A new report “Afghanistan, Inc.,” issued by the non-profit organization CorpWatch, details the bungled reconstruction effort in Afghanistan.
Contractors in Afghanistan are making big money for bad work
A highway that begins crumbling before it is finished. A school with a collapsed roof. A clinic with faulty plumbing. A farmers’ cooperative that farmers can’t use. Afghan police and military that, after training, are incapable of providing the most basic security. And contractors walking away with millions of dollars in aid money for the work. The Bush Administration touts the reconstruction effort in Afghanistan as a success story. Perhaps, in comparison to the violence-plagued efforts in Iraq and the incompetence-riddled efforts on the American Gulf Coast, everything is relative. A new report “Afghanistan, Inc.,” issued by the non-profit organization CorpWatch, details the bungled reconstruction effort in Afghanistan.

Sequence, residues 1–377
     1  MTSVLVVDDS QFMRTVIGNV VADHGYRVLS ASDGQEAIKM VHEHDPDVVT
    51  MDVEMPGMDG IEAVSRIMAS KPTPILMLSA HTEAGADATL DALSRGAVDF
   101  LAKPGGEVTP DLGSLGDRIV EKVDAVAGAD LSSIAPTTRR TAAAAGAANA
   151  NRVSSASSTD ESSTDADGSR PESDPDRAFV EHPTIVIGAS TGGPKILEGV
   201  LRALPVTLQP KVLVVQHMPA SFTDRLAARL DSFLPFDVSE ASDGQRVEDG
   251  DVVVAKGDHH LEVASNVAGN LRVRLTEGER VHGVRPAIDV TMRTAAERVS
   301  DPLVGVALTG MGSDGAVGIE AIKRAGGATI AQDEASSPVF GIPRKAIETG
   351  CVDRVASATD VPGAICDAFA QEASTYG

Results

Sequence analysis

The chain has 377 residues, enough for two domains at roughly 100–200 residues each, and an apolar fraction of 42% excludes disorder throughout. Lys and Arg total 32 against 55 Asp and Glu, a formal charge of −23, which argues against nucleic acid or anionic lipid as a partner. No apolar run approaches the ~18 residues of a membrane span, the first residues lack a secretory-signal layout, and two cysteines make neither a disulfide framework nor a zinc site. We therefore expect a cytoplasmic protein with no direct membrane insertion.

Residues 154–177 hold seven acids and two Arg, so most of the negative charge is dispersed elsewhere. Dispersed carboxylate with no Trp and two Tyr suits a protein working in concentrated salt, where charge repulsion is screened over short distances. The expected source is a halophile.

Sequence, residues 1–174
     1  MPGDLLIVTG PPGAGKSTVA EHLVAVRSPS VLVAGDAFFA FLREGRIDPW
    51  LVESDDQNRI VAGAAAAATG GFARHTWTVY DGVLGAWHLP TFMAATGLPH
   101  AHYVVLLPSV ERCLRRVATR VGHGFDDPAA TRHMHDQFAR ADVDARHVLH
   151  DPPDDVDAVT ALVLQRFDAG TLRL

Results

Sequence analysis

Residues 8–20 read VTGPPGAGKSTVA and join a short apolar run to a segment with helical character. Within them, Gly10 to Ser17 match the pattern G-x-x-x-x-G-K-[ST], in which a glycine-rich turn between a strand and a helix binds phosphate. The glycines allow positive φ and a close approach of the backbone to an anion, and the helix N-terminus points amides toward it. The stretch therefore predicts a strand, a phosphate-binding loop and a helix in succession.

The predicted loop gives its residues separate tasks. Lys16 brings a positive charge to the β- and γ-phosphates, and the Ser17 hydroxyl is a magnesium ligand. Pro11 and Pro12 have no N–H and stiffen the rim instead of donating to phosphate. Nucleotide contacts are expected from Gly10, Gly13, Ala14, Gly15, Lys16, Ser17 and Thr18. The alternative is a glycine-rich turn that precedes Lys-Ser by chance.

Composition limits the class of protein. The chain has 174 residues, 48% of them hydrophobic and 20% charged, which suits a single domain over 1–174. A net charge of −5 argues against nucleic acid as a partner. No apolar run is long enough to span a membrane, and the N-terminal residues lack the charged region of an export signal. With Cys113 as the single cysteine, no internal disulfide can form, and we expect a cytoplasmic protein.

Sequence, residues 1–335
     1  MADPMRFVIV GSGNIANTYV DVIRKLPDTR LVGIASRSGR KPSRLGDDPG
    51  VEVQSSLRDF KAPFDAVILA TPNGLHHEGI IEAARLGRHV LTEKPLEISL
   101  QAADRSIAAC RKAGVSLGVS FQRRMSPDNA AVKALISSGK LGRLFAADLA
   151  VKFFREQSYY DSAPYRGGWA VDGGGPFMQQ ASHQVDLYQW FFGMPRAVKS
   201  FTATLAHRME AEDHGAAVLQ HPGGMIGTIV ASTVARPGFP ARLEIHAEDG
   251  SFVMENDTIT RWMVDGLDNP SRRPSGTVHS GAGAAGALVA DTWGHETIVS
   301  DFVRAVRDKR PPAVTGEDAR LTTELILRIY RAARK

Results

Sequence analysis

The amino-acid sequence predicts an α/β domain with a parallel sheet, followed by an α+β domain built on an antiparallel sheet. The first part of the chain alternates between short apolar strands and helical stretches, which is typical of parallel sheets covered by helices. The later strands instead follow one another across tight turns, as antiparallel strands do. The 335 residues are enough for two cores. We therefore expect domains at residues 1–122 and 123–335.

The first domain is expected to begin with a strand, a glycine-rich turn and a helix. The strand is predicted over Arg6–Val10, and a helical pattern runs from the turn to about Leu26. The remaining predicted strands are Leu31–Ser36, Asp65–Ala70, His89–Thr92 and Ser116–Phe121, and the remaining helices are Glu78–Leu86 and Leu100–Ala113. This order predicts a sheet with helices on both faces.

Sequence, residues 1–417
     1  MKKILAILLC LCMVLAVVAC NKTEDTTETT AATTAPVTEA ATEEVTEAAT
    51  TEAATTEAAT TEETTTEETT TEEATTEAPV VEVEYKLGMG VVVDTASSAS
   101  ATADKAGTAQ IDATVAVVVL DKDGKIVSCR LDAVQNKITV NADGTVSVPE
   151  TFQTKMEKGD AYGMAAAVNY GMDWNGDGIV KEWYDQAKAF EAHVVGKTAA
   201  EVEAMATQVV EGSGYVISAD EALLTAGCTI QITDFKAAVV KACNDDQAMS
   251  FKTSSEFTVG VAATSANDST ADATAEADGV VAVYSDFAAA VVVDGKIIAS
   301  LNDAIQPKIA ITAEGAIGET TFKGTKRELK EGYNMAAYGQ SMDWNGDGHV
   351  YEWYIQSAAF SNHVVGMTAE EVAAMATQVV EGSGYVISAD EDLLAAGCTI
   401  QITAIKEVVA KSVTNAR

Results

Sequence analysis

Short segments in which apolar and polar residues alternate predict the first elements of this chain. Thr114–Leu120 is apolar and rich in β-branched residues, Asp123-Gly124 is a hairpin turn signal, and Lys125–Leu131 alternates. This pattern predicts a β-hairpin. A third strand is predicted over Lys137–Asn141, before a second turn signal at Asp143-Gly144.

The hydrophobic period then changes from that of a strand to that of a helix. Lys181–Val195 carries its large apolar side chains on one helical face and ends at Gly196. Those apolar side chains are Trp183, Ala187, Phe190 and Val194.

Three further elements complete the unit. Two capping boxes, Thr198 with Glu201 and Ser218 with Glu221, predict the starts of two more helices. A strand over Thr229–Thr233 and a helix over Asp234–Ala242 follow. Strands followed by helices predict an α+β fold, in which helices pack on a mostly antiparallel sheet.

These companies are pocketing millions, and leaving behind a people increasingly frustrated and angry with the results.
Fariba Nawa, an Afghan-American who returned to her native country to examine the progress of reconstruction, uncovers some examples of where the money has (and hasn’t) gone, how the system of international aid works (and doesn’t), and what it is really like in the villages and cities where outsiders are rebuilding the war-torn countryside.
In Afghanistan, Inc., you’ll get an inside look at a system gone out of control, with little accountability and plenty of opportunity for graft and abuse. It isn’t a story you want to read; it’s a story you must read.
CorpWatch investigates and exposes corporate violations of human rights, environmental crimes, fraud and corruption around the world. Through its independent media work, CorpWatch fosters global justice, accountability and democratic control of corporations.
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